Synchronized skating is a sport with its own levels of difficulty. It’s not just precision in moments, but also execution of difficult and creative moves that frequently earn high scores, much like in other forms of on-ice competitions such as figure-skating.
Last month, at the 25th edition of the Nova St-Hubert Synchro Invitation in Longueuil, skaters in nine divisions of the sport vied for gold in gala competitions that attracted numerous teams and appreciative spectators, well-wishers, and family and friends. Programmed to skate twice, each team was judged on two levels, the first at 0.5, the second in total.
The renowned Pirouettes de Laval’s pre-juvenile contingent scored 19.66 in the first phase and 17.45 in the second to reach the top of the podium where they were adorned with gold. Numbering 16, these U-12 skaters danced and dazzled for three exhilarating minutes to rousing cheers of on-lookers.
The not-so-well-kept secrets of the team’s top-level performance? Imaginative choreography and symphonically-synchronized teamwork that convinced the judges that they were the best.
“The principles on which they were judged included transitions, interpretation, skating skills, difficulty of elements, and ultimate performance. What you can witness in this sport, worthy of recognition, are speed, near-perfect teamwork, and detailed and difficult formation,” Luigi Massimo, whose two daughters train with Les Pirouettes at pre-juvenile level, stated to TLN by telephone.
Athleticism and artistry
“Synchronized skating tests style and technical skill. The Pirouettes achieved junior-level distinction by executing challenging movements on their way to gold, finally entering the record book, after five winless years. Last year they came in fourth,” Massimo added.
The popular international sport combines intense athleticism, elaborate on-ice artistry and, particularly at higher level, breathtaking speed. The Pirouettes are among ‘la crème de la crème’ of the synchro world. Provincial championships offer excellent opportunities to raise local awareness of the sport. Teams showcase 12 to 20 athletes skating at lightening speeds, one unit, in near-perfect harmony. Before competition, hundreds of hours are devoted to perfecting a routine, although the performance lasts only three minutes.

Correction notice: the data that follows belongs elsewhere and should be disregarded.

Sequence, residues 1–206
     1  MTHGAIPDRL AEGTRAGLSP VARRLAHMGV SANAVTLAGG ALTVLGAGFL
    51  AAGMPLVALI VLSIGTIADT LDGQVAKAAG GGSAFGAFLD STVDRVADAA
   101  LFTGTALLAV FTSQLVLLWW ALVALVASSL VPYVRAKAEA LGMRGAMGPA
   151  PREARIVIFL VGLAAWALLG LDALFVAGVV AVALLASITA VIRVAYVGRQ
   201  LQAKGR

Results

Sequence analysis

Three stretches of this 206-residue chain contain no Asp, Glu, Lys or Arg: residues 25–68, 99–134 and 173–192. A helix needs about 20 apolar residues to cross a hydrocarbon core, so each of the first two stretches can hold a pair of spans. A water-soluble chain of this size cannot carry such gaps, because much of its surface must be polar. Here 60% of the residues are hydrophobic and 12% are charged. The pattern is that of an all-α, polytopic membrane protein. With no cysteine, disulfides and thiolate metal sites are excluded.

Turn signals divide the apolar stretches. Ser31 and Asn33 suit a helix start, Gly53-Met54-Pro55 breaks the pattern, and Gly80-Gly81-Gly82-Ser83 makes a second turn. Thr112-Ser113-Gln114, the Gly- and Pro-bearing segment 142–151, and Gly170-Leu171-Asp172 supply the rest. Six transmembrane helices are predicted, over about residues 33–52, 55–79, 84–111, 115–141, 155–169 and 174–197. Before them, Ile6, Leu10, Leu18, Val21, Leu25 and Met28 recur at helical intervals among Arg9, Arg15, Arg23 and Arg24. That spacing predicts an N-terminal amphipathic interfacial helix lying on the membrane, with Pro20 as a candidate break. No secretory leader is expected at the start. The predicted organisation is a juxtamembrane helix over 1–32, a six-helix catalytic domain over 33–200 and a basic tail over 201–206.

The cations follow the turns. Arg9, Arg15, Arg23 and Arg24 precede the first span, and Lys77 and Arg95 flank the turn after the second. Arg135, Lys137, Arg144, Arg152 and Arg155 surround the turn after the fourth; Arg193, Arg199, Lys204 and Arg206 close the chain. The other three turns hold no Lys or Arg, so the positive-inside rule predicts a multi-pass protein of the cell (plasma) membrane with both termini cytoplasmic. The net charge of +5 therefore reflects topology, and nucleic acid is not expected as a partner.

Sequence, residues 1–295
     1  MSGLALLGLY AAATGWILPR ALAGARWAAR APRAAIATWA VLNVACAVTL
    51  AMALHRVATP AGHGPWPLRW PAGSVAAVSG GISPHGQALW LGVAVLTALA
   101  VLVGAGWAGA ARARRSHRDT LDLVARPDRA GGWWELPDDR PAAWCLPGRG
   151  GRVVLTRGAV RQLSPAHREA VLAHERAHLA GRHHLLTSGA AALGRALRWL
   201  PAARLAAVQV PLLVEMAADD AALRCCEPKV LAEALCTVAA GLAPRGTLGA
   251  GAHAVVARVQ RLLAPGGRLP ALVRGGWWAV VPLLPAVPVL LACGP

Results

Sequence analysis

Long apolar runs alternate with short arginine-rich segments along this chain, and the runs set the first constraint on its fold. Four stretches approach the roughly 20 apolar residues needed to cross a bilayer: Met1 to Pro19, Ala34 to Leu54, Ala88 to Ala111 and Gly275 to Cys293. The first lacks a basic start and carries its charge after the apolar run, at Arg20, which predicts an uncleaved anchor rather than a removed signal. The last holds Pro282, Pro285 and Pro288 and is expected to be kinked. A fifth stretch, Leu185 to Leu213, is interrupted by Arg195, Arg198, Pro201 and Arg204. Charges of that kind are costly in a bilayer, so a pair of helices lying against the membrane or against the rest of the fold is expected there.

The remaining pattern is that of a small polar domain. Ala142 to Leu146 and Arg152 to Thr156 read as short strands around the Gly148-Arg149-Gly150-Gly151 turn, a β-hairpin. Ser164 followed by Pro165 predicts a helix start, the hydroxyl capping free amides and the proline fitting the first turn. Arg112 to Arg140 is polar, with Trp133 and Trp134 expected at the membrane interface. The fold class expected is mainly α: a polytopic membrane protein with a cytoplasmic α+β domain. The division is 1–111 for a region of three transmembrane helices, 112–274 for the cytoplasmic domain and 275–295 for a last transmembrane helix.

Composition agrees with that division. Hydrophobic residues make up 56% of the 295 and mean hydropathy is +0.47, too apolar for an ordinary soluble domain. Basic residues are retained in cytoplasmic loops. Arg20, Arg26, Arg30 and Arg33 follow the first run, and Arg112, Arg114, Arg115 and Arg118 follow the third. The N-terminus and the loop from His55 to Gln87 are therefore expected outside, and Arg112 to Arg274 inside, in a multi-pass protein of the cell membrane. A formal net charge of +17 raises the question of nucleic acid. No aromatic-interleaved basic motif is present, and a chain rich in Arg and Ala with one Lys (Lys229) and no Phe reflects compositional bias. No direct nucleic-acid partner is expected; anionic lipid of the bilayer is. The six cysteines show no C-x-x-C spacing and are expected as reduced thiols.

Coaches Vanessa Peloffy and Kaila Bertone focus on team confidence and consistency for two weeks prior to competition. Massimo specified that his daughters train two to three times per week, 5pm to 8pm, with a one-on-one teacher, in private classes.
Discussing costs in having his two girls participate in Les Pirouettes, Mr. Massimo conceded that it’s not cheap. “For Lea, it’s $3000 per year for lessons, besides the attire, and for Lisa who is one level higher it’s $5000, considering more lessons and more ice time.
Club Patinage Laval organizes all practices and ice time; provincial championships are overseen by each city. Coach Bertone, Canadian champion in Novice Pirouettes in 2010, and coach Peloffy, national champion (2016) for Nova Skating Club, are instrumental in team success, making decisions on all on-ice operations, including selection of team members, and choosing perfect music for the intense three-minute program.
Pursuit of excellence
“Finding the right music is critical because skaters have to connect with coaches. It’s the base for everything. If the music doesn’t work, if the judges don’t feel it, or the audience doesn’t get it, it’s recipe for failure,” said coach Bertone.
Coach Peloffy, winner of five national titles, said Les Pirouettes are committed to pursuing excellence. “They are taught leadership, accountability, perseverance, and commitment to teamwork with dignity, pride, and humility. Synchro skating isn’t only about wonderful speed; it’s elegance, discipline, beautiful figure, musical development, and fulfilling parents’ dreams to see their children gliding on ice like beautiful swans, to magical music in dreamy sensational dresses.”
Asked about his children’s commitment to academics, Massimo spared no enthusiasm in responding. “The sport brings discipline and teamwork. They do very well academically; they don’t suffer because of time on ice. They often bring their homework to the arena. I’m a parent supporting the organization through gathering sponsorships, getting the skaters media attention, raising funds for program development, and taking care of two pre-juvenile and juvenile teams. I have organized ‘The Bucket Kid’ – a fund-raiser at the Rockets game, Place Bell, for March 27, for pre-juvenile and juvenile teams. In return, the Pirouettes will be privileged to perform during intermission.”
Olympics on the horizon?
Launched as a ‘precision sport’ in 1956 at Michigan University by Dr. Richard Porter, Synchro Skating now counts over 600 teams in the U.S. alone. Canada, Hungary, China, Russia, Australia, Italy, Japan, Great Britain and numerous other countries presently field synchro contingents, reported to exceed 1000 teams world-wide. But the sport has yet to show its stuff on the world’s biggest sporting stage – the Olympics. When Synchro Skating becomes an Olympic sport, rest assured that skaters will sizzle, dazzle, and shine in glitter, gloss, and heart-warming winsome ways.